A recent Law 360 story by Brett Barrauquere, “Safeco Tells 11th Circ. Atty Fees Aren’t Damages,” reports that Safeco Insurance wants the Eleventh Circuit to affirm a lower court ruling that another insurer is time-barred from seeking attorney fees on a $1.6 million judgment stemming from a fatal motorcycle accident. Safeco Insurance of Illinois and Safeco Insurance Co. of America said in a brief said that Endurance American Specialty Insurance Co. waited eight months too long to request attorney fees.
Endurance should have either sought attorney fees within 14 days of the judgment as the prevailing party or presented evidence at trial to claim them as damages, Safeco argued. Because it did neither, Endurance isn't entitled to anything, Safeco said. "Endurance cannot circumvent the time requirement of the federal and local rules by arguing its fees were damages, either," Safeco said.
Endurance asked the federal appeals court in April to overturn a lower court decision that the insurer says improperly adopted recommendations by a magistrate judge that said Endurance had waited too long to argue it was due attorney fees. A federal jury that had sided with Endurance decided that another insurer had violated an agency agreement, which included an indemnity provision that forces it to pay attorney fees to Endurance, according to the company's brief. That jury finding supports Endurance's fee request, it says.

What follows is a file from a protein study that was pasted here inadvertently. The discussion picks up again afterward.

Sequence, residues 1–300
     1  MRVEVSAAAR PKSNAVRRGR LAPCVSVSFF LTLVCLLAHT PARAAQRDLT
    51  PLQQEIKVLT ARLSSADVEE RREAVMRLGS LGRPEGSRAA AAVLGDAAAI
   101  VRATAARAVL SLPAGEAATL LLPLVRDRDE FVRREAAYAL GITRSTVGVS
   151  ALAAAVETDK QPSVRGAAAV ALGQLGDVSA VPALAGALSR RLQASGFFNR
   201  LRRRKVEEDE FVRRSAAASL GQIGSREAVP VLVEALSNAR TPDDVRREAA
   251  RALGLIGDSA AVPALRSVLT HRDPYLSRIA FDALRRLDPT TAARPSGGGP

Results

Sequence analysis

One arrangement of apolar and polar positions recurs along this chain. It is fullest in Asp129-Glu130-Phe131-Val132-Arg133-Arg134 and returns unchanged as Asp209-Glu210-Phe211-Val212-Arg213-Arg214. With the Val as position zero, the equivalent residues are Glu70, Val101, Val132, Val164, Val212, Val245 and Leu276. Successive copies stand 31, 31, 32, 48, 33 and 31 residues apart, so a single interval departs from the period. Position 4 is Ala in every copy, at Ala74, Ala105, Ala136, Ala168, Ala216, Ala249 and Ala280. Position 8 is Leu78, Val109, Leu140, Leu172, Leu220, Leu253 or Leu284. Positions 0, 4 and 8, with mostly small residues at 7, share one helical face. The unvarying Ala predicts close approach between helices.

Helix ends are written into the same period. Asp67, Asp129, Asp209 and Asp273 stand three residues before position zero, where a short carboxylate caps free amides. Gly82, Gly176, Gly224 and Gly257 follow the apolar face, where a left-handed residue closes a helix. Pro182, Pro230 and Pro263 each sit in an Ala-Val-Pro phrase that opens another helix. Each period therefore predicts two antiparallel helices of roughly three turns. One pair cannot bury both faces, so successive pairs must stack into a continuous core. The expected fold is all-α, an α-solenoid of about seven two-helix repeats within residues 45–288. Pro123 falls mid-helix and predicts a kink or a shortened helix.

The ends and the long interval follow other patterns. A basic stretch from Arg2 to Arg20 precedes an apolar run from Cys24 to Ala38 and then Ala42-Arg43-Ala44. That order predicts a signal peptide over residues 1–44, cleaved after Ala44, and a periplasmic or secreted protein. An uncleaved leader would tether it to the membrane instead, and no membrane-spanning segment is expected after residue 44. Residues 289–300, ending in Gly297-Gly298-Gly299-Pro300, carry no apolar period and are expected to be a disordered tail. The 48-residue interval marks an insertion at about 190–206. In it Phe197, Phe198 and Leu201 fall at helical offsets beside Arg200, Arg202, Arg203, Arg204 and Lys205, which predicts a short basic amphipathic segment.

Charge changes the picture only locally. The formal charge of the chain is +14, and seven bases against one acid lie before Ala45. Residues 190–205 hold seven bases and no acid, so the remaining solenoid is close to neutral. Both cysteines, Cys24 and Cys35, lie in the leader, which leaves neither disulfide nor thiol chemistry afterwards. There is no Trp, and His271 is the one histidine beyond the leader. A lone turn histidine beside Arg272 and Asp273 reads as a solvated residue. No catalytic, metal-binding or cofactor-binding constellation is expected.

Safeco argues that under the controlling Florida law, attorney fees aren't recoverable as damages and that they are an ancillary claim based on a contractual provision. And Endurance has no legal way of beating the 14-day deadline for claiming attorney fees, Safeco said.
Endurance didn't present evidence to back up its claim for attorney fees at trial, and it failed to move to appeal the final judgment and claim that the fees were wrongly excluded, Safeco said. "Because Endurance never argued it's attorney's fees were damages to the magistrate judge, the district court was within its discretion to decline to consider the argument," Safeco said.
U.S. Magistrate Judge Christopher P. Tuite had issued a report and recommendation saying that Endurance filed its motion for fees almost a year after judgment was entered. The judge said the company "provides no rationale for its belated filings." Judge Tuite's first denial was based on Florida statute. The second one at issue is for recovery of fees "expended in enforcing the agency agreement's indemnification provision." Judge Tuite said it looked like Endurance filed the second motion "after it gleaned from the [first report and recommendation] that it might not prevail on its first motion."